Australia: Urban Pleasures on the Coasts, Cultural Traditions in Between
Now a gastronomic capital, Melbourne dazzles with fine-dining venues like Attica, where native ingredients star, as well as casual eateries showcasing the city’s international flavors. Cultural attractions include the East End Theatre District, home to six major theaters, and the world-renowned Australian Ballet. March is particularly packed with events, among them the Melbourne Food and Wine Festival, the Formula 1 Australian Grand Prix, and the Melbourne International Flower and Garden Show.
Climbing 1,142-foot-high Uluru (Ayers Rock), deep in the Outback, was once a standard item on the to-do lists of visitors Down Under. But, out of consideration for the rock’s significance to the local Anangu people, such ascents won’t be allowed after September 2019. That shouldn’t dissuade visitors from making their way to the geological marvel: A host of activities focusing on the surrounding desert and the people who inhabit it—from predawn walks to dot-painting workshops— have filled the gap.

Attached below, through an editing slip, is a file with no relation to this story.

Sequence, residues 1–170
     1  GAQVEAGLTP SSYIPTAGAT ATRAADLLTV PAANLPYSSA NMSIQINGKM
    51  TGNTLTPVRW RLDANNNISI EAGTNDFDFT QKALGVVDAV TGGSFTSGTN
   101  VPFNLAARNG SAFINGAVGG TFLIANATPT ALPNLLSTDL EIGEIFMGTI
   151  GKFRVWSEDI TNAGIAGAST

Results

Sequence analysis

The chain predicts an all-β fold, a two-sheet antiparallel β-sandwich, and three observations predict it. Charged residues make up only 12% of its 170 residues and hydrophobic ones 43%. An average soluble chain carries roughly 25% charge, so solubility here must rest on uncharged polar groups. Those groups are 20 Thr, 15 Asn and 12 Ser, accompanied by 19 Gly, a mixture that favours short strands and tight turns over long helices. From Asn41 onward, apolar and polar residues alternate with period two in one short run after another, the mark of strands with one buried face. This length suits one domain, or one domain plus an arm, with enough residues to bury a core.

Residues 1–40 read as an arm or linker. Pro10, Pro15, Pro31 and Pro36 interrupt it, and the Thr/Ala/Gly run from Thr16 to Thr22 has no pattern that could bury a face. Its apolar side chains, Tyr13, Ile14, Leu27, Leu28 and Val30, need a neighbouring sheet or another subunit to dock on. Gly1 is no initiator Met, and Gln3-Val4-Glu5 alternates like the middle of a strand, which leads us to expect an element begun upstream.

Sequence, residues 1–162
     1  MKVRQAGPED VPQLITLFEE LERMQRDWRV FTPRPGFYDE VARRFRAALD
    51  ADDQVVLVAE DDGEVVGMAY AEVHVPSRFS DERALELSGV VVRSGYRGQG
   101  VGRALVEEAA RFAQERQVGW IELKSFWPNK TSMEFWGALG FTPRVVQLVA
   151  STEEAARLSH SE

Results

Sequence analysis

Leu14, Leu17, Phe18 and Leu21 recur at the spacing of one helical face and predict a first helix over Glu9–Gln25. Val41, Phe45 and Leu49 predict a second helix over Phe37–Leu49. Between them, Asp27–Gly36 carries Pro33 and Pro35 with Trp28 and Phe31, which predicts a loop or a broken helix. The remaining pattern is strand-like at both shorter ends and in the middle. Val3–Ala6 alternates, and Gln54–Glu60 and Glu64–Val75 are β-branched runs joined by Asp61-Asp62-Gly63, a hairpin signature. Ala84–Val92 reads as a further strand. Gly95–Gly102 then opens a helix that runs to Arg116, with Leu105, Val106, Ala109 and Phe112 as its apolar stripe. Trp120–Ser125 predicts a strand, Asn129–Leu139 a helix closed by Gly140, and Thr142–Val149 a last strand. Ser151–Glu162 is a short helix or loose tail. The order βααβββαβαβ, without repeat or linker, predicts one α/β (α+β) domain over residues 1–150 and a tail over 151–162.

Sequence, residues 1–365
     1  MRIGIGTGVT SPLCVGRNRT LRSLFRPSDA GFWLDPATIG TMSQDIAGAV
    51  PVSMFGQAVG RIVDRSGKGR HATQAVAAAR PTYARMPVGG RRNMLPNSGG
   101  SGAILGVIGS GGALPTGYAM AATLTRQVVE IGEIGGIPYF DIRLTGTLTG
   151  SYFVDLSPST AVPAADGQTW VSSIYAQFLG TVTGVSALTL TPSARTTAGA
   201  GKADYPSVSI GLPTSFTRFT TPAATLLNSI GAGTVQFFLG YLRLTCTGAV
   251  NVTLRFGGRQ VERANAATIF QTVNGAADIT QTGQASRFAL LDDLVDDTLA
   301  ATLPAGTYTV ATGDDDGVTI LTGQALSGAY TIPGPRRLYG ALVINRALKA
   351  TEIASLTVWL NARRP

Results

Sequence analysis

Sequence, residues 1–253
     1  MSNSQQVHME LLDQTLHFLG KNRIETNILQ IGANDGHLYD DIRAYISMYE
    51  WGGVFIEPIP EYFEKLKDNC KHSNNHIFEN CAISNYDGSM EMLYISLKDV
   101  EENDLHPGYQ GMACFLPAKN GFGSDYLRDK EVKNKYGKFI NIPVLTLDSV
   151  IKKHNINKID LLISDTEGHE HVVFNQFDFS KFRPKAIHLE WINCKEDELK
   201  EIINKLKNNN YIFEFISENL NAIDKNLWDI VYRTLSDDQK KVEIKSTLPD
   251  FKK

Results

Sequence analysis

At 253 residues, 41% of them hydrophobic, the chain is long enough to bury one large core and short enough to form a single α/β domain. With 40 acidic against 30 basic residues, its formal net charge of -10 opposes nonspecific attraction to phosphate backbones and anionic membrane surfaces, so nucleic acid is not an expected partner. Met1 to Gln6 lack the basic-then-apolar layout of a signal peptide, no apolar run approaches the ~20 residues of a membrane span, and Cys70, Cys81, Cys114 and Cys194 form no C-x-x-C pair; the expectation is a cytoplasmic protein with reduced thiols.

One of the world’s most isolated cities, Perth boasts a laid-back lifestyle, Mediterranean climate, and modern urban amenities. Scarborough Beach is picture-perfect, its limpid blue water and white sand backed by parks, restaurants, and promenades. In June, the city’s new stadium hosts a game of the rugby league’s State of Origin series—one of the country’s biggest sporting events.